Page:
Bruno Carnide – Peter Freund – Nino Fournier
Anna Gimein – Amelia Johannes – Jonathan Moss
Angelo Picozzi – Gábor Szűcs – Rhayne Vermette
11 MAY 2016 — 8PM at Comfort Station Logan Square — Chicago, IL
MIA presents Reconsolidation, an hour-long program of short format artists’ moving image works from around the world. A technique where memories are reactivated reconsolidation functions by confronting past trauma to affect positive change. The artworks in this screening relate a range of histories from a deeply personal confession at the heart of a failing marriage and the legacy of colonialism in a Black South African family to the unexpected convergences of meaning surrounding the word “camp” in the post-war period. A moving selection of works, each finds a different way of showing how re-examination of the past can lead to transcendence.
Bruno Carnide (Portugal), Hushed. Left. Jumped. (2014) 5:00. Three quietly devastating conversations whose pathos hinges on miscommunication are overlaid with evocative b&w super 8 footage of the domestic environment in which they occur.
Peter Freund (US), CAMP (2011) 7:15. An essay musing on the intersections of meaning of the word “camp,” weaving quotations of text and image to unpack the dualism of the term in the post war era. The film’s central conceit aims not to diminish the horror of the Holocaust but to investigate the role of fantasy in traumatic historical memory and the ethical root of flamboyant enjoyment.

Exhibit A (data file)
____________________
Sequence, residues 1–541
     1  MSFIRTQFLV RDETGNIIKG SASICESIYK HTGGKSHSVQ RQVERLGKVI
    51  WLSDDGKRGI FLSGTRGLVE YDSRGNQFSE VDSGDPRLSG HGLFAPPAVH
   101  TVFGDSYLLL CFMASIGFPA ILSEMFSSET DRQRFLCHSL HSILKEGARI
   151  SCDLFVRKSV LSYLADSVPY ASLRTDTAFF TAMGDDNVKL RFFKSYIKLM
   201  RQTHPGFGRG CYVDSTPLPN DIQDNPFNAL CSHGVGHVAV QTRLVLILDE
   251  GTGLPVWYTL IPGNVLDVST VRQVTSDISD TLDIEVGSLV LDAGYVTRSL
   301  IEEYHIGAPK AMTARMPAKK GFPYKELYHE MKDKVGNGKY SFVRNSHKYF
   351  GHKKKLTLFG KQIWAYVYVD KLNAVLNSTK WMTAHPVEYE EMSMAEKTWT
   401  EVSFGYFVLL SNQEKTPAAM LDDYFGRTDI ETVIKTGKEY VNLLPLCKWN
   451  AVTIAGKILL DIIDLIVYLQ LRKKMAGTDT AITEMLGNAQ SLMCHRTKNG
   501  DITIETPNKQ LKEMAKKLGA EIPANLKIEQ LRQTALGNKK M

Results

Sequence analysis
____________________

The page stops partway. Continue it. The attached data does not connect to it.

Nino Fournier (Switzerland), Anonymous Workers (2015) 10:44. A tribute to workers, this piece builds a meditative intensity with the formal repetition of footage synchronized to a dramatic soundtrack. Built entirely from clips pulled from classic films, the piece functions simultaneously as a tribute to early 20th century filmmakers who used allegorical scripts to promote awareness of labor issues.
Anna Gimein (Spain/US), The Photograph (2010) 6:30. A study of a gesture captured by the artist’s photojournalist grandfather during WWII, this performance searches for a universal experience through a deeply personal story.
Amelia Johannes (Australia), Family Crockery (Whiteness) (2011) 1:46. Edited from the artist’s family videos, images of white porcelain objects are choreographed to reveal the significance of repetition in defining tradition and family history. The video emphasizes the influence of colonial traditions around occurrences of food in her South African family.
Jonathan Moss (UK), NV1 (2016) 3:28. A contemplative piece made up of frozen moments woven together in kaldeidoscopic geometry that becomes a space to lose oneself within and enter into a dialogue with the subconscious.
Angelo Picozzi (UK), 00:06:03:08 (2007) 6:03. Footage of water is reduced to its digital essence, a series of pulsating patterns of light on the surface of the screen, a digital degeneration of sound and image.
11 MAY 2016 — 8PM
Comfort Station Logan Square
2579 N Milwaukee Ave
Chicago, IL 60647